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The Coalition in Australian politics refers to a group of centre-right parties that has existed in the form of a coalition agreement since 1922. The Coalition partners are the Liberal Party of Australia (or its predecessors before 1945) and the National Party of Australia (known as the Australian Country Party from 1921-1975 and the National Country Party of Australia from 1975-1982); although this includes merged versions of these parties in the Northern Territorymarker and Queenslandmarker. The Coalition's main rival for government is invariably the centre-left Australian Labor Party.

Except for Queensland, the Liberal party has almost always been the stronger Coalition partner, so it is the Liberal leader who usually becomes the Prime Minister or Premier if the parties win government.

Coalition Status

The status of the Coalition varies across the Commonwealth and States. Below is the status of each State on a State by State basis.

At the Federal level, there is a Coalition between the Liberals, Nationals and Country Liberal Party. This was briefly broken in 1987, but was renewed after the 1987 federal election. In September 2008, Barnaby Joyce became leader of the Nationals in the Senate, with the party moving to the crossbenches. Joyce stated that his party in the upper house would no longer necessarily vote with their Liberal counterparts.



  • Victoria: a Coalition has existed in the past. It was broken after the parties lost government at the Victorian state election, 1999 the two parties usually in hung Parliament situations form a Coalition.


  • Queensland: is the only state in which the Nationals have traditionally been the stronger coalition partner. The Nationals under Joh Bjelke-Petersen broke the Coalition in the 1980s and governed in their own right from 1983 to 1989, but governed in Coalition under Rob Borbidge from 1996 to 1998. In 2008, the parties agreed to merge, forming the Liberal National Party.




  • South Australia: The two parties merged to form the Liberal and Country League in 1932. This in turn joined the Liberal party in 1973, and a separate Country Party (later National Party) emerged, which has only ever had two representatives: Peter Blacker from 1973 to 1993, and Karlene Maywald since 1997. Since, 2004, Maywald been a Minister in the Rann Labor Government, informally creating a coalition between the ALP and the National Party at South Australia's State level of Government. The National Party, however, rejects the notion that it's in a coalition with Labor at the State level. State National Party President John Venus told journalists that: "We (The Nationals) are not in coalition with the Labor Party, we aren't in coalition with the Liberals, we are definitely not in coalition with anyone. We stand alone in South Australia as an independent party." Flinders University political scientist Haydon Manning disagrees, saying that it is "churlish to describe the government as anything but a coalition".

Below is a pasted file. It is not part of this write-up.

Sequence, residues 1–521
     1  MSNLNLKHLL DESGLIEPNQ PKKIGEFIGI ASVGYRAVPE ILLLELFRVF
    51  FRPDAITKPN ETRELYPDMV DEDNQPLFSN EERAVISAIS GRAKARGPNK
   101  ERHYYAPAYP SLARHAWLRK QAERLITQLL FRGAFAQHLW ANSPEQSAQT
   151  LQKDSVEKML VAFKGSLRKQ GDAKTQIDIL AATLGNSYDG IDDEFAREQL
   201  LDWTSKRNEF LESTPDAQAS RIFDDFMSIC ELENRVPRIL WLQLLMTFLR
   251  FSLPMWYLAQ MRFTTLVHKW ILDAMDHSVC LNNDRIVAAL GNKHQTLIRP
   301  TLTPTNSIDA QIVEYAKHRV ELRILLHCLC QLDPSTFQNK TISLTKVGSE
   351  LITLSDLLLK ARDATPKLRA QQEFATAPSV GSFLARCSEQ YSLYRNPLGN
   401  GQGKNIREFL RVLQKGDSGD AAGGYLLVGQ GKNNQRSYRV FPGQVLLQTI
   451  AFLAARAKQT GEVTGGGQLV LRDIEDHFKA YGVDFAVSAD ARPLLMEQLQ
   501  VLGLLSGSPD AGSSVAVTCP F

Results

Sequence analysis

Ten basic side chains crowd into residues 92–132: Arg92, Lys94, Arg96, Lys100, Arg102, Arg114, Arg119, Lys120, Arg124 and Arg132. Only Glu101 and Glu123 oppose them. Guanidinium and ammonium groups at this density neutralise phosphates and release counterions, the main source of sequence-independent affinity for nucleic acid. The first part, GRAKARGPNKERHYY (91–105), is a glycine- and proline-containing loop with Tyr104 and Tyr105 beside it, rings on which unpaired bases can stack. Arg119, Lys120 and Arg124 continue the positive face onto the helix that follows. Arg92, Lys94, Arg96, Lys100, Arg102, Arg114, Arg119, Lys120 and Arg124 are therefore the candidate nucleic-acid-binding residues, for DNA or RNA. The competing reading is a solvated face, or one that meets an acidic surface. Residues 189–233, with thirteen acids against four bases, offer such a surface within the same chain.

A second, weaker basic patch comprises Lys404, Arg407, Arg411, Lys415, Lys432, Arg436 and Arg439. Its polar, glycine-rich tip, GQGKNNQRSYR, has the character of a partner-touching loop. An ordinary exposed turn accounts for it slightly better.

• Tasmania: The National Party is not organised in Tasmaniamarker.




Background

Coalition arrangements are facilitated by Australia's preferential voting systems which enable Liberals and Nationals to compete locally while exchanging preferences in elections, thereby avoiding "three-cornered-contests", usually with the Australian Labor Party (ALP), which would weaken their prospects under first past the post voting. From time to time, friction is caused by the fact that the Liberal and National candidates are campaigning against each other, usually without undue long-term damage to the relationship.

Indeed, the whole point of introducing preferential voting was to allow safe spoiler-free three-cornered contests. It was a government of the forerunner to the modern Liberal party that introduced the necessary legislation, after Labor won the 1918 Swan by-election after the conservative vote was split in two. Two months later, a by-election held under preferential voting caused the initially-leading ALP candidate to lose after some lower-placed candidates' preferences had been distributed.

As a result of variations on the preferential voting system used in every state and territory, the Coalition has been able to thrive, wherever both its member parties have both been active. The preferential voting system has allowed the Liberal and National parties to compete and cooperate at the same time. By contrast, a variation of the preferential system known as Optional Preferential Voting has proven a significant handicap to coalition co-operation in Queenslandmarker and New South Walesmarker, because significant numbers of voters don't bother to express all useful preferences.

Liberal/National Merger

Merger plans came to a head in May 2008, when the Queensland state Liberal Party gave an announcement not to wait for a federal blueprint but instead to merge now. The new party, the "Liberal-National Party", has a self-imposed deadline of late July for party registration.

Terminology

For the sake of convenience, most commentators and the general public use the term "two-party" given the traditional arrangement. Surveys conducted on a two-party-preferred-vote basis refer to a comparison of Labor and the Coalition.

References

  1. The Nationals - An Introduction, National Party Document, p.12
  2. Nationals won't toe Libs' line: Joyce - SMH 18/9/2008
  3. Leader Barnaby Joyce still a maverick: The Australian 18/9/2008
  4. Barnaby elected Nationals Senate leader: ABC AM 18/9/2008
  5. SA Govt recruits National Party MP: ABC PM 23/7/2004
  6. A conservative marriage | The Courier-Mail


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